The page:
Want to know how dangerous your street is? Too scared to look out the window and find out? Now you can look online. The Chicago Police Department has just posted 4.6 million crime incident reports from the last 10 years on the city’s website.
The search function is pretty simple. Type in the number of the block followed by the street name. For example, the 3200 block of West Lake Street is 032XX Lake. In the last five weeks, that block has seen three thefts, two criminal trespasses and a marijuana bust. The 3500 block of North Clark Street, the party strip just south of Wrigley Field, has been busier, with seven thefts, four batteries and a deceptive practice.
"By posting this data online, we are providing a resource that will significantly impact criminal research while allowing community organizations to more effectively collaborate with the Chicago Police Department and better understand where crime is happening in their neighborhoods, streets and corners,” Mayor Rahm Emanuel said in a statement.
The mayor’s block, 4200 North Hermitage, has not a crime report since Aug. 4, when someone was arrested in an alley for possessing fewer than 30 grams of marijuana. The benefits of round-the-clock police protection. ...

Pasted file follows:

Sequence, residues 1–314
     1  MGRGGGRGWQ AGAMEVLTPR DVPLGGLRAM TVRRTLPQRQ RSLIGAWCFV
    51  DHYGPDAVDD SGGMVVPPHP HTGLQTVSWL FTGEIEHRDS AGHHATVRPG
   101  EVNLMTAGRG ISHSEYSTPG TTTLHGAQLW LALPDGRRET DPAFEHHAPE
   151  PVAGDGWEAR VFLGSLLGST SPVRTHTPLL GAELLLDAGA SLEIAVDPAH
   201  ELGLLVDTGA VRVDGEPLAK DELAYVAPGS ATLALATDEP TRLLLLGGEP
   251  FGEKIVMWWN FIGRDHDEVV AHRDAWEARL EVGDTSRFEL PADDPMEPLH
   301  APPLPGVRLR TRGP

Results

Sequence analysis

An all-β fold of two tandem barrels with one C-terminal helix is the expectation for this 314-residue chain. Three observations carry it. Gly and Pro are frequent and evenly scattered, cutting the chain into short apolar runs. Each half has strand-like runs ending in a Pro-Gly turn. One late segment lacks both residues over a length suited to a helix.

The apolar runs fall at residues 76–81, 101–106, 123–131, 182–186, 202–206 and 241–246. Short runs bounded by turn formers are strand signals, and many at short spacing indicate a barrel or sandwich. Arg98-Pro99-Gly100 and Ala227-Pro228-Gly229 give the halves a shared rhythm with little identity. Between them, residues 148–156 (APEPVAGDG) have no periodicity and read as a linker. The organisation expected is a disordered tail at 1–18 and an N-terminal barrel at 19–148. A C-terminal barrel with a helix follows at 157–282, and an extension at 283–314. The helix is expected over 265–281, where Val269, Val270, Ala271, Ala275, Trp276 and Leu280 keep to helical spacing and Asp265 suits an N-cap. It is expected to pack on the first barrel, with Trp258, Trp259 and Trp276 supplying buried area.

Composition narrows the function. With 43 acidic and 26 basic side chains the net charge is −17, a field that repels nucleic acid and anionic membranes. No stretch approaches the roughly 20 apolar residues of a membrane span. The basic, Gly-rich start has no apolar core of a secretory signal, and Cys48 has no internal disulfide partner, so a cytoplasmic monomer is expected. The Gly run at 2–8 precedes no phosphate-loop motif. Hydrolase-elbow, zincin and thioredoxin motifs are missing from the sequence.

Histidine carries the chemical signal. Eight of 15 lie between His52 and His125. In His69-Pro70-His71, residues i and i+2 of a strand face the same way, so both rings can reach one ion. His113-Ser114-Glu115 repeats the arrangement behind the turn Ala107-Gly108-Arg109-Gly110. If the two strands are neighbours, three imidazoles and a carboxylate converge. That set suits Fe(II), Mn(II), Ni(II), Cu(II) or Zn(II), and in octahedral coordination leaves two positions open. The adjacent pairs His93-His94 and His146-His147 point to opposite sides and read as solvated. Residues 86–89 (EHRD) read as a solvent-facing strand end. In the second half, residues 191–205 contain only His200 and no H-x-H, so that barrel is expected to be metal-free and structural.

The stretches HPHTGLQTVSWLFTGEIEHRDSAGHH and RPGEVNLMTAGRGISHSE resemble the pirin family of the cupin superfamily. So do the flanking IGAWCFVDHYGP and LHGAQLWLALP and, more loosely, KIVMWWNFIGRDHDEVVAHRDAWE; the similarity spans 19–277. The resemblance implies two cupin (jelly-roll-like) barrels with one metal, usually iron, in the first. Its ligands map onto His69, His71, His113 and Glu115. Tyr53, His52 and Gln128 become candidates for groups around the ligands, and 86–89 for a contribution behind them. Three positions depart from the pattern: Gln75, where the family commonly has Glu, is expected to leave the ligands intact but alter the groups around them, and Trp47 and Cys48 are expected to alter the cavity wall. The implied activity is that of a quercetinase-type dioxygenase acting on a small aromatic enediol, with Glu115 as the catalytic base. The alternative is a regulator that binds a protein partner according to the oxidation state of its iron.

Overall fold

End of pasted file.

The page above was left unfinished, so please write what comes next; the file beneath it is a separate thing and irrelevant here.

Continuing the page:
Another block without a crime problem: 5000 South Greenwood, home of President Obama. In July 2010, there was a bomb threat against the synagogue across the street. In May, a theft from a vacant building.
Certain blocks have crime profiles particular to the local businesses. 900 North Michigan, at the top of the Magnificent Mile, is mostly retail theft and pocket picking. 200 North Kostner, in the K-Town drug marketplace, shows possession of heroin, possession of crack and unlawful use of a handgun.
According to the city’s press release, “Chicago joins a number of other cities, including New York, Los Angeles, Phoenix, Houston and Philadelphia, which have begun posting crime data online. However, the release of a crime data set of this size, scope and format is unprecedented nationally.”
The information will be updated daily, so while it’s not quite as immediate as a police scanner, crime buffs won’t miss a thing.